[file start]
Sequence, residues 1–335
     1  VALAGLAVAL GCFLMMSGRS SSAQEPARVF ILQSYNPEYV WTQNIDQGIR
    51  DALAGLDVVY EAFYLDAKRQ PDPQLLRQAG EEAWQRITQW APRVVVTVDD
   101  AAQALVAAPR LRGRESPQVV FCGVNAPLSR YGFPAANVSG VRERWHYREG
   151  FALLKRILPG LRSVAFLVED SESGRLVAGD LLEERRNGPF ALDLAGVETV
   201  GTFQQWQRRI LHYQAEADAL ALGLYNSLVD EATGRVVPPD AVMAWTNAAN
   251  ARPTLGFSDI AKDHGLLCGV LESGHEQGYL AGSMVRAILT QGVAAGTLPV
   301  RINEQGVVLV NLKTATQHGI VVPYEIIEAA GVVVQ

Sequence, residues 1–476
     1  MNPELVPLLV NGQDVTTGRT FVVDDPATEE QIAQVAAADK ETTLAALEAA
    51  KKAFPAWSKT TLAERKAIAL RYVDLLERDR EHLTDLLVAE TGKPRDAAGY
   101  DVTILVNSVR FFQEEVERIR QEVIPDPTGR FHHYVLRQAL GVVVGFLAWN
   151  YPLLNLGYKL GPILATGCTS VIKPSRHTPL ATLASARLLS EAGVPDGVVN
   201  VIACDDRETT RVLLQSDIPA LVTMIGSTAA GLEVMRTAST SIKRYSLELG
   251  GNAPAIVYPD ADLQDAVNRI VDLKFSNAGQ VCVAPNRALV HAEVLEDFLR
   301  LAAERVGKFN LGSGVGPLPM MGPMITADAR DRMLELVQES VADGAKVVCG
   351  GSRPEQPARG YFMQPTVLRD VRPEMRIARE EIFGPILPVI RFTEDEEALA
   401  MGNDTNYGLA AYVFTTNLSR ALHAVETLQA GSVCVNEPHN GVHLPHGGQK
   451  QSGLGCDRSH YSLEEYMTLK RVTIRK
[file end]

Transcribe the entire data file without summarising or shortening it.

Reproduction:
Sequence, residues 1–335
     1  VALAGLAVAL GCFLMMSGRS SSAQEPARVF ILQSYNPEYV WTQNIDQGIR
    51  DALAGLDVVY EAFYLDAKRQ PDPQLLRQAG EEAWQRITQW APRVVVTVDD
   101  AAQALVAAPR LRGRESPQVV FCGVNAPLSR YGFPAANVSG VRERWHYREG
   151  FALLKRILPG LRSVAFLVED SESGRLVAGD LLEERRNGPF ALDLAGVETV
   201  GTFQQWQRRI LHYQAEADAL ALGLYNSLVD EATGRVVPPD AVMAWTNAAN
   251  ARPTLGFSDI AKDHGLLCGV LESGHEQGYL AGSMVRAILT QGVAAGTLPV
   301  RINEQGVVLV NLKTATQHGI VVPYEIIEAA GVVVQ

Sequence, residues 1–476
     1  MNPELVPLLV NGQDVTTGRT FVVDDPATEE QIAQVAAADK ETTLAALEAA
    51  KKAFPAWSKT TLAERKAIAL RYVDLLERDR EHLTDLLVAE TGKPRDAAGY
   101  DVTILVNSVR FFQEEVERIR QEVIPDPTGR FHHYVLRQAL GVVVGFLAWN
   151  YPLLNLGYKL GPILATGCTS VIKPSRHTPL ATLASARLLS EAGVPDGVVN
   201  VIACDDRETT RVLLQSDIPA LVTMIGSTAA GLEVMRTAST SIKRYSLELG
   251  GNAPAIVYPD ADLQDAVNRI VDLKFSNAGQ VCVAPNRALV HAEVLEDFLR
   301  LAAERVGKFN LGSGVGPLPM MGPMITADAR DRMLELVQES VADGAKVVCG
   351  GSRPEQPARG YFMQPTVLRD VRPEMRIARE EIFGPILPVI RFTEDEEALA
   401  MGNDTNYGLA AYVFTTNLSR ALHAVETLQA GSVCVNEPHN GVHLPHGGQK
   451  QSGLGCDRSH YSLEEYMTLK RVTIRK